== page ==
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Re: [whatwg] Hardware accelerated canvas

From: Rik Cabanier <cabanier@gmail.com>
Date: Mon, 3 Sep 2012 13:07:21 -0700
Message-ID: <CAGN7qDAAr1scaZ-L5nmTg=VHiMyLX2rPp3TKwwvE59gfNBmxVg@mail.gmail.com>
To: David Geary <david.mark.geary@gmail.com>
Cc: whatwg@lists.whatwg.org, Glenn Maynard <glenn@zewt.org>, Charles Pritchard <chuck@jumis.com>, Benoit Jacob <bjacob@mozilla.com>, Erik Möller <emoller@opera.com>, Ian Hickson <ian@hixie.ch>
On Mon, Sep 3, 2012 at 10:31 AM, David Geary <david.mark.geary@gmail.com>wrote:

> On Mon, Sep 3, 2012 at 7:21 AM, Benoit Jacob <bjacob@mozilla.com> wrote:
>
> >
> >
> > ----- Original Message -----
> > > What is really meant here by Canvas GPU acceleration?
> >
> > This means use GL/D3D to implement the 2D canvas drawing primitives; but
> > what really matters here, is that this requires using a GL/D3D
> > texture/surface as the primary storage for the 2D canvas drawing buffer.
> >
> > Because of the way that current GPUs work, this entails that the canvas
> > drawing buffer is a /discardable/ resource. Erik's proposal is about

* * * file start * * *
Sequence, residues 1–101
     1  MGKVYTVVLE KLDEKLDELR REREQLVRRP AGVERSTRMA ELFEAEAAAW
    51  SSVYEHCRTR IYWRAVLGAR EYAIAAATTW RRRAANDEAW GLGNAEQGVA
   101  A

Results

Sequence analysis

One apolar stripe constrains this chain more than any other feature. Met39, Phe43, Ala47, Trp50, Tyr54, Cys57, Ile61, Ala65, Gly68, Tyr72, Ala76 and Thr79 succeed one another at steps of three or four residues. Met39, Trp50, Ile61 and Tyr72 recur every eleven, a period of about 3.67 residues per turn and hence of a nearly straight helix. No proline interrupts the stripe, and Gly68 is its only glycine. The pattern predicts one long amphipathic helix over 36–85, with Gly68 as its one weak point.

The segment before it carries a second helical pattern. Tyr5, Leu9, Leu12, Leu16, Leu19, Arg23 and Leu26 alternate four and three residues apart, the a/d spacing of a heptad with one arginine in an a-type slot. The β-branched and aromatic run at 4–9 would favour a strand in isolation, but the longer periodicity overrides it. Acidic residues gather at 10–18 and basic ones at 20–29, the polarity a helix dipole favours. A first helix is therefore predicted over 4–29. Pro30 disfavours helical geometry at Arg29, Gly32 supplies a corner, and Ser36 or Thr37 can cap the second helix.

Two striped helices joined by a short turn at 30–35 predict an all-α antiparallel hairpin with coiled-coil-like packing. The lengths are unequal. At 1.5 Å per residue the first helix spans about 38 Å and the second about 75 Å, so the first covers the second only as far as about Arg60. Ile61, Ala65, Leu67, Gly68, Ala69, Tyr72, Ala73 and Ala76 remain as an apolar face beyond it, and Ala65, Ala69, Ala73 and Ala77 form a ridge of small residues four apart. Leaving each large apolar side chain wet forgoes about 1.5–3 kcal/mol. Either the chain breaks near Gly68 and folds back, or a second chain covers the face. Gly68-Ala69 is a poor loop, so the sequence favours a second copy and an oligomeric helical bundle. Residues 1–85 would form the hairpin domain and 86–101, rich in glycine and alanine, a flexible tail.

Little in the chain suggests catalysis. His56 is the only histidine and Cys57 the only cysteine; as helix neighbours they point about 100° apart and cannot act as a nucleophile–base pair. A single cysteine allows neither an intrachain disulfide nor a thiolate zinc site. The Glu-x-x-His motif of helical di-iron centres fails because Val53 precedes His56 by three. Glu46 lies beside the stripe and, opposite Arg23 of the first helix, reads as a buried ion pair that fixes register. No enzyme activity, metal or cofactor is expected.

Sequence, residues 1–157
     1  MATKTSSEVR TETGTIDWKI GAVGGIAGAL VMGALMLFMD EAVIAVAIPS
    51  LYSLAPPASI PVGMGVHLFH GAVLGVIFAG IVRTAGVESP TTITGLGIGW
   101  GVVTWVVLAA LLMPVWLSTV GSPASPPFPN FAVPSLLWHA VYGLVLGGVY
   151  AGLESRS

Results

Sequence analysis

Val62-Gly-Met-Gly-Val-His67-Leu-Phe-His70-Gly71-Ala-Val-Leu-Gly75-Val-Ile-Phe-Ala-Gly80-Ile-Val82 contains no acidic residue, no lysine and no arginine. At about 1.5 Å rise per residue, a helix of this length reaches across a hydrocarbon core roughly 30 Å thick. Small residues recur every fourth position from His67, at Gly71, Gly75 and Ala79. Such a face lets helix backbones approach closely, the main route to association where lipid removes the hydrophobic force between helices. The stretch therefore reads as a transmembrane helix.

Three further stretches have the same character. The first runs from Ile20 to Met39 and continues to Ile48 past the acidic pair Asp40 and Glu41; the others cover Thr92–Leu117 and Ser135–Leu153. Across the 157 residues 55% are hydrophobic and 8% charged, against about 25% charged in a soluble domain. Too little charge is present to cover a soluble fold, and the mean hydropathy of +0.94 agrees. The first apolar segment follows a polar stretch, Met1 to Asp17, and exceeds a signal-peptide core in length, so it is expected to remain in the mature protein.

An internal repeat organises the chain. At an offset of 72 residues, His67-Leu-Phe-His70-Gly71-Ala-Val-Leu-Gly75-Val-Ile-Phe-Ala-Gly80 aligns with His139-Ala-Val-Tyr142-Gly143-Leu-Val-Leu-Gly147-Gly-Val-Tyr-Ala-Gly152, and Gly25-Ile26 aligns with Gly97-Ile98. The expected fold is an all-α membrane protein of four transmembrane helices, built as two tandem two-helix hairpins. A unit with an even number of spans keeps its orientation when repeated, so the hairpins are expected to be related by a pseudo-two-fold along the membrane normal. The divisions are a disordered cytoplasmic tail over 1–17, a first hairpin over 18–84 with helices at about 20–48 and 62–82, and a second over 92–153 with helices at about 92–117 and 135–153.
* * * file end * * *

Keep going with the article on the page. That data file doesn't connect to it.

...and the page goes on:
> > dealing with this dire reality.
> >
> > Again, accelerated canvases have been widely used for a year and a half
> > now. It's not realistic to expect the world to go back to non-accelerated
> > by default now.
>
> It seems to me that one way or another we have to break something. Canvases
> drawn into once with no animation loop may go blank with GL-based hardware
> acceleration, whereas most video games will not function properly without
> it. I much prefer the former to the latter.
>

No, we can't break the current implementation.
It's perfectly reasonable for an author to draw into a canvas once and
expect that the browser will manage it properly.


>
> I agree that it's unrealistic to go back to non-accelerated canvas. I would
> like to see a provision for handling lost contexts along the lines of
> Rick's proposal, perhaps with some underlying integration with
> requestAnimationFrame() so application developers don't have to get
> directly involved.
>

I'm unsure why you bring up requestAnimationFrame().
Can you elaborate?


>
> HTML is a living specification and I believe developers would rather have
> occasional breaks with backwards compatibility instead of severely reduced
> performance.
>
>
> david
>
> >
> > Benoit
> >
>
Received on Monday, 3 September 2012 20:07:53 UTC

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